John Lichfield: Cricket as you've never heard it before

Paris Notebook: Did you ever wonder what the French might be for deep backward square leg? Answer: "Barrière oblique côté fermé"
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The Independent Online

A few years ago I covered the Geoffrey Boycott trial in the South of France. The Great Man, despite his reputation, and predicament (on trial for assault), was quite charming.

My fondest memory is of the bewildered expression on the face of the French judge, a striking blonde woman in her forties, when a lawyer recited the rules of cricket. Exhibit A at "le procès Boycott" in Grasse ought to have been a marvellous little book which I have just received in the post: Les Lois du Cricket (version française).

As reported recently, the French cricket association hopes to re-stage, in 2012, the first and only Olympic cricket final played between England and France in 1900. In my original report, I suggested that the almost 1,000 cricketers registered in France mostly used English cricket vocabulary.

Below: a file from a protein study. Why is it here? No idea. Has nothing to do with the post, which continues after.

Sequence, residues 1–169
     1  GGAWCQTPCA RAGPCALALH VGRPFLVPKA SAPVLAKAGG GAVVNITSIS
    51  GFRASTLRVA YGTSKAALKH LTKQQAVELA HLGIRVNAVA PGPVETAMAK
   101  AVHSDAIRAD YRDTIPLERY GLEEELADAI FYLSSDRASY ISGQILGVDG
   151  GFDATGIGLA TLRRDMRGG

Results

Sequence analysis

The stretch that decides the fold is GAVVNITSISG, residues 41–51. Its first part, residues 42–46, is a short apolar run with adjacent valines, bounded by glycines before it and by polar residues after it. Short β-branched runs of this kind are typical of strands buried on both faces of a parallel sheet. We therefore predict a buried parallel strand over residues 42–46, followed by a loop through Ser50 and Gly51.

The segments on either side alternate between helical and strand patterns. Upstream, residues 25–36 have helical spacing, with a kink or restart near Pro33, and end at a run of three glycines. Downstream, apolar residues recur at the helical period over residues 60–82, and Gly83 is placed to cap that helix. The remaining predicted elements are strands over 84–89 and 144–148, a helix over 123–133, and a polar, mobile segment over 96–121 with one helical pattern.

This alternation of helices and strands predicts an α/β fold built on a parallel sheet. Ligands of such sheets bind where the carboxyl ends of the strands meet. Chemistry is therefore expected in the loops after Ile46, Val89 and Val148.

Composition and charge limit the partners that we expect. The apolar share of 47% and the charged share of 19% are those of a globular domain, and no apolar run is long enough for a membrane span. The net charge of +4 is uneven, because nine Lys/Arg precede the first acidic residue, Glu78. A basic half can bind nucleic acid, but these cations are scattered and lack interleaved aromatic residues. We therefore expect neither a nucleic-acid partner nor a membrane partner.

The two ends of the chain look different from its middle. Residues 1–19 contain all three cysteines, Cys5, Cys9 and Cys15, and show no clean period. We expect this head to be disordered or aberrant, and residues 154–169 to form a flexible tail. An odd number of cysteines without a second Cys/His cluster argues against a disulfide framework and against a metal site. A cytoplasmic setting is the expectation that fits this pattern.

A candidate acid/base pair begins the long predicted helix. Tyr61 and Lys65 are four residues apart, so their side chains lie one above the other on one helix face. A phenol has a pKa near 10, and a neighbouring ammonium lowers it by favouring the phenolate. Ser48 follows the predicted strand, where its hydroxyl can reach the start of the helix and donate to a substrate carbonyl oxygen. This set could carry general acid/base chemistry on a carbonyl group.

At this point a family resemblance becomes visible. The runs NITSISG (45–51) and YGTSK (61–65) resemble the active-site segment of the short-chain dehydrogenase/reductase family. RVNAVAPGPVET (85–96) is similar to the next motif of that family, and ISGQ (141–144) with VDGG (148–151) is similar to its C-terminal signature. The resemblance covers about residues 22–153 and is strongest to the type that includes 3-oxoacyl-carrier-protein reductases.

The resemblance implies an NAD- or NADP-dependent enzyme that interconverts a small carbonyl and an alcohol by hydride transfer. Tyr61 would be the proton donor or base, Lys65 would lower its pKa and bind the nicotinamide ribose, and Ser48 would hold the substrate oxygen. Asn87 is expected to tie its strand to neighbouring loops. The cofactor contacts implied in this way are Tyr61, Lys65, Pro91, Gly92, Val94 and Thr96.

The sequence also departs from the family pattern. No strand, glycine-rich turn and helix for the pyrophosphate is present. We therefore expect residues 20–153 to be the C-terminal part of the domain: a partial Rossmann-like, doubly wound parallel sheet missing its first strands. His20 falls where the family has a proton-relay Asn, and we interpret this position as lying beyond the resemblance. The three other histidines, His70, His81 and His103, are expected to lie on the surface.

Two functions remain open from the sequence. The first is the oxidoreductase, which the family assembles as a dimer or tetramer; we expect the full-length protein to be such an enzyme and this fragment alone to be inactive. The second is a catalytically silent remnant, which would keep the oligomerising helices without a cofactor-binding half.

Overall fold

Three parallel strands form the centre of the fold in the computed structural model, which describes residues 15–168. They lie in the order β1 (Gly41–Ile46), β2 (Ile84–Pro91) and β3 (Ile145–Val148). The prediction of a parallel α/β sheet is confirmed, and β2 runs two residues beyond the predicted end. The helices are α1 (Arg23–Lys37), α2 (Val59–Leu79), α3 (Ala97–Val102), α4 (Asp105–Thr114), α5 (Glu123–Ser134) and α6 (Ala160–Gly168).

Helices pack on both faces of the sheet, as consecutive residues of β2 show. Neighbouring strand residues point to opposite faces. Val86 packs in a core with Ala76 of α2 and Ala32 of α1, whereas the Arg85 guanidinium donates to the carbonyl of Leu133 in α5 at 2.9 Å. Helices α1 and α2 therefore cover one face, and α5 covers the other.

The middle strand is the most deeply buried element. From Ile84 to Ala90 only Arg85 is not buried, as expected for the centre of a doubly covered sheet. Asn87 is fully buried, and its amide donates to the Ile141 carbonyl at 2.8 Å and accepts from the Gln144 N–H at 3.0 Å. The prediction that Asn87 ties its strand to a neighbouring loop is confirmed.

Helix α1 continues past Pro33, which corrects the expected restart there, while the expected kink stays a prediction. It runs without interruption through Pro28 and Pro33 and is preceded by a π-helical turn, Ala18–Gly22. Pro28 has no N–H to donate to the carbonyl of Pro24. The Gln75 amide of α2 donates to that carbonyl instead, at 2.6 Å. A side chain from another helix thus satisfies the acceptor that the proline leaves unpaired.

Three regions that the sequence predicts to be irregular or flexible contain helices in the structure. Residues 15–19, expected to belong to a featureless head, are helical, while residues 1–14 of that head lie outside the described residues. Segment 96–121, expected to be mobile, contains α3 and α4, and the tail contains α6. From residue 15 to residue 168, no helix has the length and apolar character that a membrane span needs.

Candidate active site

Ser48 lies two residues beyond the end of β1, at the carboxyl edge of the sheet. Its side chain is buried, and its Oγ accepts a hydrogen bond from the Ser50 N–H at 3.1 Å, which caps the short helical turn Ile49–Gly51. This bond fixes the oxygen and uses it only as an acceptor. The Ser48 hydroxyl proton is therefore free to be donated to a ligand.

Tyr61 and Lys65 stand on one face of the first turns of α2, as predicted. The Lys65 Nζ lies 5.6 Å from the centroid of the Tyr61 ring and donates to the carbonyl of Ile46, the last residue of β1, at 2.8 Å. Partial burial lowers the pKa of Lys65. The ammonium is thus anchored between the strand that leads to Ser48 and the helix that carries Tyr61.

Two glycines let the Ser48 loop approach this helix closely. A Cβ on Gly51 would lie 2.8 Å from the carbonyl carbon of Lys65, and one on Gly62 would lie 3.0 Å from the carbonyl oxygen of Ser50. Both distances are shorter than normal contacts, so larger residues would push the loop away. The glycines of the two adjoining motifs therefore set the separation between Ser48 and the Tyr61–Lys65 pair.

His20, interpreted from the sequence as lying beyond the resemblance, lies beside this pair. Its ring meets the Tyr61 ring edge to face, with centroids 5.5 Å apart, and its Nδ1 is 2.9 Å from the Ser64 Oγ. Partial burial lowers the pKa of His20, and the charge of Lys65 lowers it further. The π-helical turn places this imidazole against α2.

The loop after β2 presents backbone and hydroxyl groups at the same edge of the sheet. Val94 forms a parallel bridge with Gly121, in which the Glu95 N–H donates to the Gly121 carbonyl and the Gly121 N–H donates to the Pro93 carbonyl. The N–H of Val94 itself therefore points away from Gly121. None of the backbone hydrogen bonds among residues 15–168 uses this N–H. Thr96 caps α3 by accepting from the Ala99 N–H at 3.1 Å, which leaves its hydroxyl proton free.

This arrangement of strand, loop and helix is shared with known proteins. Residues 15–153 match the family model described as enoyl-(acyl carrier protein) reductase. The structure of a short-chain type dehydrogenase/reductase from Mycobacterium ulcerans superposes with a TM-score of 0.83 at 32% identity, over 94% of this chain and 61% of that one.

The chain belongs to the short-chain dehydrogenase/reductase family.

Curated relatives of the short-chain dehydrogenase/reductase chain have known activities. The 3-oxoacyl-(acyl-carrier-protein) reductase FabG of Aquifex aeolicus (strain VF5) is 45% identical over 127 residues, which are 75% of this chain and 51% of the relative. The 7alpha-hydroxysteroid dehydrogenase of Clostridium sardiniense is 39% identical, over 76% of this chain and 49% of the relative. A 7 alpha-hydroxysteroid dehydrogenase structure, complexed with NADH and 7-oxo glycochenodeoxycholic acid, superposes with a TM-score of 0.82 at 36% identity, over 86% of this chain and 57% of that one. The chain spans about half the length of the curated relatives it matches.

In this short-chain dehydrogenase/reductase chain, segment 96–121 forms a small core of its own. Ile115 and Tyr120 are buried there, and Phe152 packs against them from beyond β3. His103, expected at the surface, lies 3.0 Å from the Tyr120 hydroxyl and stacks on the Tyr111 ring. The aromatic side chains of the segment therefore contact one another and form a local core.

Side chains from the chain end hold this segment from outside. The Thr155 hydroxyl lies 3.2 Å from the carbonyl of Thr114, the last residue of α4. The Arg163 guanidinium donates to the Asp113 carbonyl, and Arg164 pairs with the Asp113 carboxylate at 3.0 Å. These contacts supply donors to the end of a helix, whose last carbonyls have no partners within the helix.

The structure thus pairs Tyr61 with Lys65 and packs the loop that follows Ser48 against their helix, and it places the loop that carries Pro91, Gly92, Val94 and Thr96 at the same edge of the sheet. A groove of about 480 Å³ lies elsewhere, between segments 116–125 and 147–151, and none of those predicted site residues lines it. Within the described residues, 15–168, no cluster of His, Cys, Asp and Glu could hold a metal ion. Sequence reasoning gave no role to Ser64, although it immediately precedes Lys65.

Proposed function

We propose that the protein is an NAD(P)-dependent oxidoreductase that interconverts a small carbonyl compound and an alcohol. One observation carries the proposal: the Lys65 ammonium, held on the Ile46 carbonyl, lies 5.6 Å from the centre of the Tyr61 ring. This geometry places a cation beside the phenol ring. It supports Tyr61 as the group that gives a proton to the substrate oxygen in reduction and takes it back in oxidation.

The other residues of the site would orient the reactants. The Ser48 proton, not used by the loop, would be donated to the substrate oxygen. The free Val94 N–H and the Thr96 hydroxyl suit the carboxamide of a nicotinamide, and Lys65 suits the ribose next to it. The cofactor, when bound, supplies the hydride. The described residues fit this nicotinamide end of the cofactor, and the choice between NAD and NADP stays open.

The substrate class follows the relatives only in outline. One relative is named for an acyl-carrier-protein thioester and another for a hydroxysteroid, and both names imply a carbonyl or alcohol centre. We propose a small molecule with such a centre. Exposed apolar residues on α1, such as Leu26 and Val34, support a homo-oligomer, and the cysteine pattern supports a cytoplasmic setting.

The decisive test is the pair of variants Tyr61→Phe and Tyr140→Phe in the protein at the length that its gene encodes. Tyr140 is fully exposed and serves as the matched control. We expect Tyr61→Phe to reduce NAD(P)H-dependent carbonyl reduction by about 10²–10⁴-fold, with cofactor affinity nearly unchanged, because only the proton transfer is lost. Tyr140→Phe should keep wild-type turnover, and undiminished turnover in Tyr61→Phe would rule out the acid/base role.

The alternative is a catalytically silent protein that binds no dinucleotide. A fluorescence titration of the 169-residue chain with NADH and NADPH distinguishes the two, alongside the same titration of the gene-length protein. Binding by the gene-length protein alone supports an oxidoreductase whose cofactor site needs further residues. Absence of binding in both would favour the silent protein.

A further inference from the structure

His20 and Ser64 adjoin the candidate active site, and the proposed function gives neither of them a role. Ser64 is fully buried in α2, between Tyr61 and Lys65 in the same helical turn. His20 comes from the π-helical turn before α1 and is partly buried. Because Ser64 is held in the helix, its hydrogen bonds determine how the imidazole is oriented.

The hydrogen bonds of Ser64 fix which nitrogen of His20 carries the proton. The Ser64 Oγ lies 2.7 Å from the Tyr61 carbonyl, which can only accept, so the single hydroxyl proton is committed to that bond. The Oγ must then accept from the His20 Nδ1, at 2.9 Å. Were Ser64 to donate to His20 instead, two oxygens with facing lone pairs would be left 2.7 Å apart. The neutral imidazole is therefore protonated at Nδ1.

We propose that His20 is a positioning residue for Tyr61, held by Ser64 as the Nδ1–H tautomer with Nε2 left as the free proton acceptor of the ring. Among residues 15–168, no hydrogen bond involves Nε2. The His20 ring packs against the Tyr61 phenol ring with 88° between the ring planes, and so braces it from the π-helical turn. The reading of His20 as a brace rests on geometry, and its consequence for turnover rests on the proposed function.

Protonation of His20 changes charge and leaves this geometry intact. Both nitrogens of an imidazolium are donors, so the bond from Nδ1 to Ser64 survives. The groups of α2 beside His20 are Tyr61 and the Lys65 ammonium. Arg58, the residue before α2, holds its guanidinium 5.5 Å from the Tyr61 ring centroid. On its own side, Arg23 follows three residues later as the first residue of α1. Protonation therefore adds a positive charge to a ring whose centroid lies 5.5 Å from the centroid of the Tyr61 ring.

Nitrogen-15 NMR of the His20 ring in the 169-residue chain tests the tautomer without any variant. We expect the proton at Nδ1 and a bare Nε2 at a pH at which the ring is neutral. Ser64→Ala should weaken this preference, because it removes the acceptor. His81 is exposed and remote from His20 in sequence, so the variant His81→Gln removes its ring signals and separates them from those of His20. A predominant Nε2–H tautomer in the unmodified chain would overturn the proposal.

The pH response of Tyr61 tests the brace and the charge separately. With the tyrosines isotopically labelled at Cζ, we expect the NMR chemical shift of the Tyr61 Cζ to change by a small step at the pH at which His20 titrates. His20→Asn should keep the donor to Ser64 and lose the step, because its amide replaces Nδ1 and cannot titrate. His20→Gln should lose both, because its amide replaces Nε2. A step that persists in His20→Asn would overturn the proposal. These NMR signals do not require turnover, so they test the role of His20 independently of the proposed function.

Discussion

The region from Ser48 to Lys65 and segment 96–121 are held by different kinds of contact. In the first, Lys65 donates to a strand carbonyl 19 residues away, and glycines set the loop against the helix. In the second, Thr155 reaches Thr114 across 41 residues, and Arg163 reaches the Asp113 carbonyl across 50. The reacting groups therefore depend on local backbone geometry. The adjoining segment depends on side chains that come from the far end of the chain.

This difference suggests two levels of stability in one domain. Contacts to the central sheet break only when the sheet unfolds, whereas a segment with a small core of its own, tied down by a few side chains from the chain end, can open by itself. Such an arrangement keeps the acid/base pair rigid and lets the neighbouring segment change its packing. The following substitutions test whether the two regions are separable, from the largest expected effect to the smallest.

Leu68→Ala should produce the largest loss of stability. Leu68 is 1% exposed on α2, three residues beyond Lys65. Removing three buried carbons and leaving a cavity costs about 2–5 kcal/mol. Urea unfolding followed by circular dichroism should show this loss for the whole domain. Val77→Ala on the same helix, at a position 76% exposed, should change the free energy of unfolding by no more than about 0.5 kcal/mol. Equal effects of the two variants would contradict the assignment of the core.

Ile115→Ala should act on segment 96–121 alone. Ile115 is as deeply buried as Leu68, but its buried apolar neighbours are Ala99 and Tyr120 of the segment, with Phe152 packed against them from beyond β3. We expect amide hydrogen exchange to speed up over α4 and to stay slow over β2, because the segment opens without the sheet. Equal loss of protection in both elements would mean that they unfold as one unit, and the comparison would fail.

Eddie Cannon, vice-president of France Cricket, kindly sent me the book to point out that this is incorrect (in theory if not in practice). In the glossary of Les Lois, all the wonderful language of cricket has been imaginatively translated into French.

Did you ever wonder what the French might be for deep backward square leg? Answer: "Barrière oblique côté fermé". A bowler is, prosaically, "un bôleur"; a batsman is "un batteur"; a wicket is "un guichet"; a stump is "un piquet".

Beyond the basics, cricket in French becomes just as poetic as cricket in English. An off-spinner is "un tricoteur" or "knitter". A leg-spinner is a "tournicoteur" or "prowler". A wicket maiden is "une vierge couronnée (a crowned virgin).

My favourite is the "googly" which is "un bosanquet". The word, which sounds convincingly French, is an inspired choice. The googly was invented by an England cricketer at the turn of the 20th century. His name was Bernard Bosanquet. He was the father of the late, unpredictable ITN newsreader, Reginald Bosanquet, who was something of a googly himself.

The secret to French kissing

French kissing has always been a mystery to me. I speak, of course, of the little pecks on the cheek exchanged as a greeting between acquaintances. How many is one supposed to inflict or endure? There are endless regional, or generational, variations. I always seem to end up giving one too many or one too few.

My daughter, Clare, aged 15, patiently explained the code, as understood by her snooty Parisienne teenage friends. Four kisses shows you are a "beauf" or chav; three means you are a "plouc" or yokel; two is for chic Parisians; one is for the English.